There was a delay getting landing and overflight permissions in Europe for a day early, so we planned to fly just one leg to EGPC and take the afternoon off. Kef was high overcast, but we climbed to beautiful conditions on top. We had 650 nm to go but found ourselves with a 40-knot headwind due to the low pressure system south of Iceland. Again I was thankful for the large ferry tanks.
It’s always a good feeling to start talking to Scottish Control and know you’re less than an hour to “feet dry.” However, Wick was about 800 overcastwith light rain showers; we flew the VOR approach and landed uneventfully. We put the airplane to bed and handed all our survival gear to Andrew Bruce at Far North Aviation for shipping back to the States.
I stayed at a hotel named McCay’s on the last ferry and thought we had reservations. We did, but they seemed to have gotten lost in cyberspace. Then Andrew found us a room above a bakery in town. Seemed that week was busy and there wasn’t a hotel room to be found. We still found our way back to the restaurant at McCay’s for a great meal. We even went to the local distillery for a tour and to pick up a little “sustenance.”
During the last ferry, this fourth day became very frustrating for me as Euro Control added 140 nm to each leg of my route for the two legs to Italy due to traffic conflicts. This time I was determined to avoid that issue. We worked with Andrew, finding a route over the North Sea that ATC deemed acceptable, and stayed at FL 230. It was a great route and resulted in a very efficient flight.
The folks at Liege, Belgium, were once again very helpful. We fueled up, checked the weather en route, and sat down for a coffee before taking off on the final leg to Reggio, Emilia (LIDE), near Bologna, Italy. German controllers were very efficient, and the weather over the Swiss Alps was perfect. We even got a great view of Zurich as we passed overhead.
As we let down into LIDE, I was keeping an eye on the thunderstorms building over the Adriatic Sea to the southeast of our destination. LIDE is a very short runway (900 meters with a 300-meter overrun) with no instrument approaches, so we needed good VFR conditions. I canceled IFR in the descent and prepared for a true short-field approach. I did a low approach on arrival to look everything over and then set up for an uneventful landing.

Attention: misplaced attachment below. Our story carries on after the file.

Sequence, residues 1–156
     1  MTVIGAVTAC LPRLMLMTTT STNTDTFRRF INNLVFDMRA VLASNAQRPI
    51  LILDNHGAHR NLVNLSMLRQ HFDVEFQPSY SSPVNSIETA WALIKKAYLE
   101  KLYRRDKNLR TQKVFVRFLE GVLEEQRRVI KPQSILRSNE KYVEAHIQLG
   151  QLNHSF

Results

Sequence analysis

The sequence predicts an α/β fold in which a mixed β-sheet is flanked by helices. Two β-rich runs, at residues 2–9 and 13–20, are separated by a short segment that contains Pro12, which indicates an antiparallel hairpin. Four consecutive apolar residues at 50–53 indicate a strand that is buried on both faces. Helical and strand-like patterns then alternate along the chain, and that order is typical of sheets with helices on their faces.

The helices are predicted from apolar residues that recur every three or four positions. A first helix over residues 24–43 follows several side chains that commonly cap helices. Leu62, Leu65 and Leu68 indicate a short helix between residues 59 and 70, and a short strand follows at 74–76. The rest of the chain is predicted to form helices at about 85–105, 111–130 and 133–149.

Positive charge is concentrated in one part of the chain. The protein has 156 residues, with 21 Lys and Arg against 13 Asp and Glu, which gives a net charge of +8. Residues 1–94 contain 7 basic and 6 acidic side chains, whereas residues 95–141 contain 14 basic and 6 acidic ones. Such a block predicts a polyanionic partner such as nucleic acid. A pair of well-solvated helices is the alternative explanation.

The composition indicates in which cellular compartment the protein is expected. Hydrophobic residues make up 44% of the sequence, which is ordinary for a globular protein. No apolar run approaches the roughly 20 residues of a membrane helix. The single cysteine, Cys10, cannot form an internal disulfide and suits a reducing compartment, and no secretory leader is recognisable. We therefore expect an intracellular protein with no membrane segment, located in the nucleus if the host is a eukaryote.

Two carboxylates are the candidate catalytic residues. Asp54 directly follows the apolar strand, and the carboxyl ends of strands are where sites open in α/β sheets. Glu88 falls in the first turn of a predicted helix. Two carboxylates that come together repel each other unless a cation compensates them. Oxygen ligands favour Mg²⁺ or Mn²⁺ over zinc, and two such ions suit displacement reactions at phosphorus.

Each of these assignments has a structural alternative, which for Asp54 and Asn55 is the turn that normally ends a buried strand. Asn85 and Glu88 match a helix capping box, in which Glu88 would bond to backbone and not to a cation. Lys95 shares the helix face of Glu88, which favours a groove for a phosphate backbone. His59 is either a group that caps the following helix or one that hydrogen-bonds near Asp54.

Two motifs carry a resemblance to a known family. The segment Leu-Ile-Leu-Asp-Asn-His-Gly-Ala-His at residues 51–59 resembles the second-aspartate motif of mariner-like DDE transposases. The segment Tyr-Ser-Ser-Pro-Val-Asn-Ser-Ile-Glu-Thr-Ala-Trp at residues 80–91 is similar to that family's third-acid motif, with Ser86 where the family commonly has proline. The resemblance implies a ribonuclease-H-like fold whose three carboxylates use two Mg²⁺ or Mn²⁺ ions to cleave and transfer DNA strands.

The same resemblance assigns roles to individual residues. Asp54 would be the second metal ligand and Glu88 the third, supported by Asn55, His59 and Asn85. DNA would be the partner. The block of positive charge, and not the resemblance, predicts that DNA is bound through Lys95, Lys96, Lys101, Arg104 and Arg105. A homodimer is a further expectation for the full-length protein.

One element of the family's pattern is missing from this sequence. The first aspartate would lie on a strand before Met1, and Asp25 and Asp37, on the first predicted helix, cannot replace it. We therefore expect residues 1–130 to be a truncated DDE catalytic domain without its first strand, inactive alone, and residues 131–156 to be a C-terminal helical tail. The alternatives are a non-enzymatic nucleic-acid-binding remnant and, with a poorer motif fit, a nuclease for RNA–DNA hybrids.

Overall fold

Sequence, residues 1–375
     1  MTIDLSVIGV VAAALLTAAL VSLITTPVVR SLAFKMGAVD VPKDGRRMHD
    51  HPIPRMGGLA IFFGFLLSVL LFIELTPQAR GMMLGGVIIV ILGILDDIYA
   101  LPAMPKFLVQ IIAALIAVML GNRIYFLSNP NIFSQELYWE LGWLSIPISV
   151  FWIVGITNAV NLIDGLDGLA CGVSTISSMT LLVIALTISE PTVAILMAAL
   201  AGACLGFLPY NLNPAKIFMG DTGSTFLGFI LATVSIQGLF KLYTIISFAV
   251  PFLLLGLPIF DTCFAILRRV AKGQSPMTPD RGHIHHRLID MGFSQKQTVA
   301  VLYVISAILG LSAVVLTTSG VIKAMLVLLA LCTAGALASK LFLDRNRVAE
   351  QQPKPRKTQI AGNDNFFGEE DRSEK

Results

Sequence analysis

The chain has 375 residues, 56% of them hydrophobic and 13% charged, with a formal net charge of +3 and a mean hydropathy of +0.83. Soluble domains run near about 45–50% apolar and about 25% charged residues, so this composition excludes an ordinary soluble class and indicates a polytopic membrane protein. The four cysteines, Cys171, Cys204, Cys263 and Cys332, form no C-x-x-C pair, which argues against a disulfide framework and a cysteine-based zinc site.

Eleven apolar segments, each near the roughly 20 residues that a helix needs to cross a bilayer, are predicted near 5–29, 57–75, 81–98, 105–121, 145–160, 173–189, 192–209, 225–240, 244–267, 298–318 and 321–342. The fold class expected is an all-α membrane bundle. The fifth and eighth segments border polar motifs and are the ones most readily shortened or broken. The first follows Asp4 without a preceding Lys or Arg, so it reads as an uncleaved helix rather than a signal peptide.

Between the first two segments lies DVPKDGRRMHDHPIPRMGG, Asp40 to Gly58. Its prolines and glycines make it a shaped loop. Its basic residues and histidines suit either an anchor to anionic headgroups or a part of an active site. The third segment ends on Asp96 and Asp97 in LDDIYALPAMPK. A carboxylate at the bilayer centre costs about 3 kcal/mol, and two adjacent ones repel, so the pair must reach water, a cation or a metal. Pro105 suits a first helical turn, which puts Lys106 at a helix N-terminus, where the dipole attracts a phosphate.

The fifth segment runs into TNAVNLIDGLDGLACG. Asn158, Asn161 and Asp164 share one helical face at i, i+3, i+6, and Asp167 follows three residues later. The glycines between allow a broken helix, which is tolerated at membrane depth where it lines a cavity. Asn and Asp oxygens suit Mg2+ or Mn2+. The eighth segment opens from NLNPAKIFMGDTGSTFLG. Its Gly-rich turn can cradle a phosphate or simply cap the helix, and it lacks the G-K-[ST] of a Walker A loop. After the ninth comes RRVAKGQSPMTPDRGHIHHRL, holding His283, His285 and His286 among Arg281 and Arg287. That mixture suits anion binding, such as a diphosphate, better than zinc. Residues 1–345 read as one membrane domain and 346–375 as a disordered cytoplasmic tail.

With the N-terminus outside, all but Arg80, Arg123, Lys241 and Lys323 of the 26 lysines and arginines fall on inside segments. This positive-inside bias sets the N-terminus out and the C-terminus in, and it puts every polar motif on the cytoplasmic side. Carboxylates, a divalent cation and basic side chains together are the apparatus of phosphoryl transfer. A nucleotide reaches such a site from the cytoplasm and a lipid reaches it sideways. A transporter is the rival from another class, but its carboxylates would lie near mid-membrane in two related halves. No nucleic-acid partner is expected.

I love the L-39 for great stopping ability. At 110 knots indicated airspeed and everything hanging, you can stop in about 2,000 feet. We taxied onto the ramp and shut down just as the rain started. Talk about good timing!
Once again I’m impressed; the requirements needed to successfully complete an oceanic ferry in an aircraft with limited range are sobering. Just about every operational factor has to be considered and planned for: weather, winds, approaches, and traffic. There’s no margin for error as your options quickly shrink in such an environment.
Having said the above, this is a mission that can be planned and flown with great precision and a high degree of success. I will say it’s not for the faint of heart due to the high-potential risks. Survival gear is an absolute must, your options are very limited, and you must be constantly aware of fuel status.
As my friend said, it’s a mission everyone should do once. If nothing else, I hope this article helps others who might be planning their own oceanic ferry. The costs are actually quite reasonable, even less than what it costs to disassemble, ship, and reassemble an L-39, and the time required is infinitely better (four days versus 40 days). In the end, think about the memories you’ll have to share with your friends. You can join me as the one they all think is crazy!
Fly safe, and always check six!